Some people who don’t really dig deep into the players in the draft beyond the big name first rounders may run around on Twitter saying the Cowboys draft was a disaster.
And when I say some people I mean Dan Graziano of ESPN’s NFC East blog. No need to link to his garbage because he sounded silly trashing the Cowboys draft based on them not grabbing any named players Dan ever heard of in the three hours he spent on player evaluation.
And when I say three hours I am referring to him watching Sportscenter talk about Luck, Griffin and Tannehill in 12 different segments.
Dan knows the starting QB’s for the NFC East teams, but he’s clueless about which players or positions the teams were targeting in the draft. While I was guessing correctly on three of the four players the Cowboys selected in rounds 4-6 Dan was busy bashing players he had never heard of never mind watching any film on them which was easy accessible on Youtube.
Let’s get to some other people and their views on the Cowboys draft…
Well I guess Dan would think those two guys don’t know crap about football.
What about the NFL Networks guys…
How are they giving them an ‘A’ when it’s clear that Dan Graziano has told everyone the Cowboys are clueless when it comes to the draft.
The guys at SBNation are going to agree with Dan for sure…
Starting to wonder if we ever find anyone who agrees with Mr. Graziano.
Rob Rang on the NFC Draft grades, read here.
Dallas Cowboys: C
The Cowboys pulled one of the early surprises of the draft, trading up to select LSU cornerback Morris Claiborne at No. 6 overall. Considering the team signed free agent Brandon Carr and former starter Mike Jenkins and last season’s third corner, Orlando Scandrick, Dallas now boasts arguably the league’s most talented cornerbacks group. While overshadowed at Boise State, defensive end Tyrone Crawford is an intriguing athlete whose size and athleticism could be maximized in Dallas’ scheme. Virginia Tech wideout Danny Coale is the opposite of most of Dallas’ wide receivers. He’s a good athlete who runs excellent routes and has reliable hands, rather than an extraordinary athlete who isn’t quite as consistent between the sidelines as the team might want. Watch out for underrated safety Matt Johnson, who was a consistent playmaker for the 2010 FCS champion Eastern Washington Eagles and could be in position for early playing time considering the Cowboys’ struggles recently at safety.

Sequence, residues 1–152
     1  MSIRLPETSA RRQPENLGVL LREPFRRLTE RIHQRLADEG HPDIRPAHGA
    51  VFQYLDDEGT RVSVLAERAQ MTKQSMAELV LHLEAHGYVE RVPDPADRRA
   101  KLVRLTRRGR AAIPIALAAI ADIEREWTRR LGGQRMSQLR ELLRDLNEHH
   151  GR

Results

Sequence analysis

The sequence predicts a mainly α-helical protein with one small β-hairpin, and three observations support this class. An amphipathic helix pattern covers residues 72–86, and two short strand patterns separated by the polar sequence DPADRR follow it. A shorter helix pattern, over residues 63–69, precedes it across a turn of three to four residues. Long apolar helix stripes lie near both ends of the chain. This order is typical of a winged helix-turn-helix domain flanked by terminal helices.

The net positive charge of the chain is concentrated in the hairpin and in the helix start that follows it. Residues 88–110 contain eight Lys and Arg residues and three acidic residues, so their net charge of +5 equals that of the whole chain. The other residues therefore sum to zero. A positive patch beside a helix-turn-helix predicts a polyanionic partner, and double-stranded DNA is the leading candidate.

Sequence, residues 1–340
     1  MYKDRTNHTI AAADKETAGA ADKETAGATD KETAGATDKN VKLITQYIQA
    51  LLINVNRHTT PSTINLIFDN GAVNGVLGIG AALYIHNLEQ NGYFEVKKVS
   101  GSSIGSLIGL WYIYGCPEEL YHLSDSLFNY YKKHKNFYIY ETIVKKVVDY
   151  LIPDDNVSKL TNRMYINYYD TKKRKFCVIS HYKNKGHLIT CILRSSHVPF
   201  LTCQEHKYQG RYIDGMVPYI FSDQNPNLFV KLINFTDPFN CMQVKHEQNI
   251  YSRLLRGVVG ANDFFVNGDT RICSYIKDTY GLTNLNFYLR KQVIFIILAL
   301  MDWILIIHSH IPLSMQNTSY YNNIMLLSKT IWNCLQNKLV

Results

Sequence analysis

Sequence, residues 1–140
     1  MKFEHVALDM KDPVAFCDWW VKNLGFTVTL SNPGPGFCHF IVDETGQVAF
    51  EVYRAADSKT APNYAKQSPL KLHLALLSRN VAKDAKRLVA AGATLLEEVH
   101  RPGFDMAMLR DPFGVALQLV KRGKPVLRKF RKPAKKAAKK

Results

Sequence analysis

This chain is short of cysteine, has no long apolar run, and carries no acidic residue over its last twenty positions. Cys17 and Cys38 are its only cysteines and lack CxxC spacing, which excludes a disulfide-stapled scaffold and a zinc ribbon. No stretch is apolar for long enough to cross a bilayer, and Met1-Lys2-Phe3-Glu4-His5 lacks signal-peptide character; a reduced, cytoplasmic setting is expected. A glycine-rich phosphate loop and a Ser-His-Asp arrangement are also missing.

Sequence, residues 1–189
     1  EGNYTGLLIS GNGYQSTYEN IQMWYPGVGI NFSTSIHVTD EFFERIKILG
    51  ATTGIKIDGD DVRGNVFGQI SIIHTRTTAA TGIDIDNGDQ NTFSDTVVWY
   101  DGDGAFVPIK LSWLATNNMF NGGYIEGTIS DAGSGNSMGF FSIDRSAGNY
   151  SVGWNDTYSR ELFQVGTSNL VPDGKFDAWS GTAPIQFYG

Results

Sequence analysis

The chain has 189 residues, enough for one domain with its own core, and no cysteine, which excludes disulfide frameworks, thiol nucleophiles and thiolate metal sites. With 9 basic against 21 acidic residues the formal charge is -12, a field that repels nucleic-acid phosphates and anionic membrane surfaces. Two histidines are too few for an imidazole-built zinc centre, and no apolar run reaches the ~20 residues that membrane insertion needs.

At least Rob didn’t give them a ‘I don’t know what the Cowboys are doing grade’ like Dan did the other day.
CNNSI gave the Cowboys a passing grade as well, read here.
Dallas Cowboys: Dallas fans seem to be of the belief that the move for CB Morris Claiborne (6) made everything else icing on the cake. That may be true — leaping up for Claiborne was a sensational move — and it could have to be, since Dallas didn’t land another immediate-impact guy. DE Tyrone Crawford (81) will have a chance to play as a pass-rusher.
And now to Michael Lombardi who says the Cowboys had one of the 12th best value picks, read here.
11. Caleb McSurdy, LB, Dallas (222nd). McSurdy might never start for Dallas, but he is capable of being a core special-teams member and playing a role in the Cowboys’ sub defense. He is smart, tough and willing, which makes him a real value in the seventh round.
The Czar from Fox Sports with his grade, read here.
This team blew five fourth-quarter leads last season as Rob Ryan’s defense faltered time and again. So owner Jerry Jones made the bold move to trade up with the Rams in order to take LSU’s Morris Claiborne, the draft’s most complete cornerback. This was a bold move, and Claiborne has no character flaws. … They waited until the third round for their next pick. Ryan has to love the addition of Boise State defensive end Tyrone Crawford. … Wake Forest outside linebacker Kyle Wilber also has pass-rush potential and, at worse, is a special-teams star. … Eastern Washington’s Matt Johnson will be given every chance to become a starting safety. The late-round find could be Oklahoma tight end James Hanna, who has a quick first step and possibly give Jason Witten a rest, since Witten isn’t getting any younger. Grade: B+